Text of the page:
“I was maybe 10 years old and George Best came out to Melbourne… my idol Paul Trimboli was there as one of the coaches.”
“I just saw how humble both of them were and how tremendously talented they were and you fall in love with the game. You have experiences with people you look up to and have achieved great things, you start to dream.”
Green Gully had been the better side in the second half against Central Coast but still trailed through Blake Powell’s goal in the 15th minute. With five minutes remaining on the clock, Gully huffed and puffed but the fairy-tale finish was slipping from Papas’ grasp.
When Mariners’ winger Kwabena Appiah was able to pick up the ball after a partially cleared corner, it looked as though a break might come for Central Coast after surviving a mountain of pressure from a determined Gully outfit.
In a moment that perhaps best exemplifies Arthur Papas’ coaching philosophy, midfielder Evan Christodoulou recovered the ball from under Appiah’s feet and launched the ball back in towards goal for another attacking foray. The ball would eventually find its way to captain Daniel Jones who would give the part-timers from Keilor Downs a thoroughly deserved equaliser.
“It’s something that I like to see in my teams,” Papas said. “The first thing is not to be sitting too deep. Not to play a reactive game. And to be able to press, and press aggressively. At times we’ve got it right and times you don’t get it right. In the first half a couple of times we were off the mark and their quality exposed us in that area. But I thought in the second half overall, the balance of the team improved considerably.”
By his own admission, Gully striker Liam Boland was ‘having a stinker’ of a game. That mattered for little however, when a poor turnover from Mariners’ striker Roy O’Donovan saw the ball fall at the number 38’s feet in the final minute of the game.
“I’ve tried it a few times in the league this year and come close but for it to come off on the national stage, I’m pretty happy that it came off now,” Boland said of his match-winning goal after the game, which quickly went viral following the historic victory.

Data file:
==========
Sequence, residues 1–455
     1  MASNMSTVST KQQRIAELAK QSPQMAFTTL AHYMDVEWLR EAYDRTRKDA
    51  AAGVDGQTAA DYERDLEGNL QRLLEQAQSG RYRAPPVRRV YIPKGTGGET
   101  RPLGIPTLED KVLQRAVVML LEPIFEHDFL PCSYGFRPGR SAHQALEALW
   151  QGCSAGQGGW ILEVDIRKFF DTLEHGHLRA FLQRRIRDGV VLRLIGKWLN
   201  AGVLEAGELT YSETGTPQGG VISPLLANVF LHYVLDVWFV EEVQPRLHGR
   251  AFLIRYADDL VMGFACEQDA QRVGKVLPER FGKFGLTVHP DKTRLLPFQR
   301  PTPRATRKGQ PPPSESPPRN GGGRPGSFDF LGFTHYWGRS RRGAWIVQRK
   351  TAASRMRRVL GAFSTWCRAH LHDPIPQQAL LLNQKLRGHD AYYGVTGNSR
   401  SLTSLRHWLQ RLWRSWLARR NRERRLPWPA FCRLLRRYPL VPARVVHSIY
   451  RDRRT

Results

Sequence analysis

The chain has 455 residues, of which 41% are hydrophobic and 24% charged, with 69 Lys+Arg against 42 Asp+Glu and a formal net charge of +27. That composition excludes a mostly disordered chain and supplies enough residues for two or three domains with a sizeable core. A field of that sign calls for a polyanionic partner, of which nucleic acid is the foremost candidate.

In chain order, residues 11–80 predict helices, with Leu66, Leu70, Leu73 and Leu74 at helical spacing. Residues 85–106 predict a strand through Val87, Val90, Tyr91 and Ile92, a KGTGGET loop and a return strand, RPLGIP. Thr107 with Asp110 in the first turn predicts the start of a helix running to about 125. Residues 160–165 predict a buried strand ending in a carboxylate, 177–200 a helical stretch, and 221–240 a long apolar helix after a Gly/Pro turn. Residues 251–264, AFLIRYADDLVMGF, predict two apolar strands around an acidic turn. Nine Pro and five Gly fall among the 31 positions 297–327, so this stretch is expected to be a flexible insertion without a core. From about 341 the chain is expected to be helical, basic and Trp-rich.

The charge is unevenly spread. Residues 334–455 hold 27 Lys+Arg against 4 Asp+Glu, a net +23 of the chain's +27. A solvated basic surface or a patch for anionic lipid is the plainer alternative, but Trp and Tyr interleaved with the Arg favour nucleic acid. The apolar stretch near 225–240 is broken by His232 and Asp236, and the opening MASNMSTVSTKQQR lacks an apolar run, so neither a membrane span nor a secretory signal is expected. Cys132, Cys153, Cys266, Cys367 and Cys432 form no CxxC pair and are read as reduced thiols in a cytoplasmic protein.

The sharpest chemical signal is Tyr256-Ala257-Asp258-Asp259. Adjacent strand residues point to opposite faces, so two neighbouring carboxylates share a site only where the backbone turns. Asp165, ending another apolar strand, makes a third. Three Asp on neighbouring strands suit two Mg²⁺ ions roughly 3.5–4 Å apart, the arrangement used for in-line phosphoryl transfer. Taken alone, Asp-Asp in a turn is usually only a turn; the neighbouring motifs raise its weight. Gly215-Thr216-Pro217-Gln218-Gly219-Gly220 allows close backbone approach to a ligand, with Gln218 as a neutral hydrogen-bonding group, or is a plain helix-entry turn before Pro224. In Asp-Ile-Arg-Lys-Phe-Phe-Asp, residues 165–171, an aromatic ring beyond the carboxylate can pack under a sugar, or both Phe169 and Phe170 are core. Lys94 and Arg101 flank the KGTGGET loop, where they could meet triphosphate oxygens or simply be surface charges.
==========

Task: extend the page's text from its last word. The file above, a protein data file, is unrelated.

A sensational strike from about 40 metres out, the 24-year-old hit the ball first time and it flew over goalkeeper Ivan Necevski’s head into the back of the net and Green Gully Reserve erupted.
With the benefit of hindsight, the choice was obvious in keeping Boland on the pitch despite not having made an impact for much of the game. But coach Arthur Papas never doubted the striker.
“In the end if you want to win games you don’t take off the guys who can score goals. That’s the decision in the end to keep him on because he does have that in his locker,” Papas said. “The decision to keep him on was because – not because he’s having a poor game so you just take him off – it’s about who can go on and win games and who can score goals.”
The result sent shockwaves among the Australian footballing community. In the fallout from the game, Central Coast Mariners coach Tony Walmsley would be sacked just a week later, and has since been replaced by Paul Okon. Yet among the candidates to take on the newly vacated role was Papas.
“To even be mentioned for positions like that is something that you obviously want… it’s flattering and nice to be acknowledged in those circles.”
Indeed, Papas has unfinished business at Green Gully in the immediate future, as he is set to do battle with another juggernaut of Victorian football. Among the most well-known football clubs in Australia, Melbourne Knights have produced a near endless list of footballing talent – most famous of all being former Socceroo Mark Viduka, whom the man of the match medal in the FFA Cup final is named after.
Should Papas claim victory on Tuesday night, he will have matched his efforts at Oakleigh last year. But with the elimination of two A-League sides against NPL opposition in the competition already, some are starting to think this may be the year an NPL side can claim the trophy.
“It’s going to be very difficult, but if any club can do it it’s my club. Because I believe always that every game I go into I have a chance of winning and I think the group believe that as well.”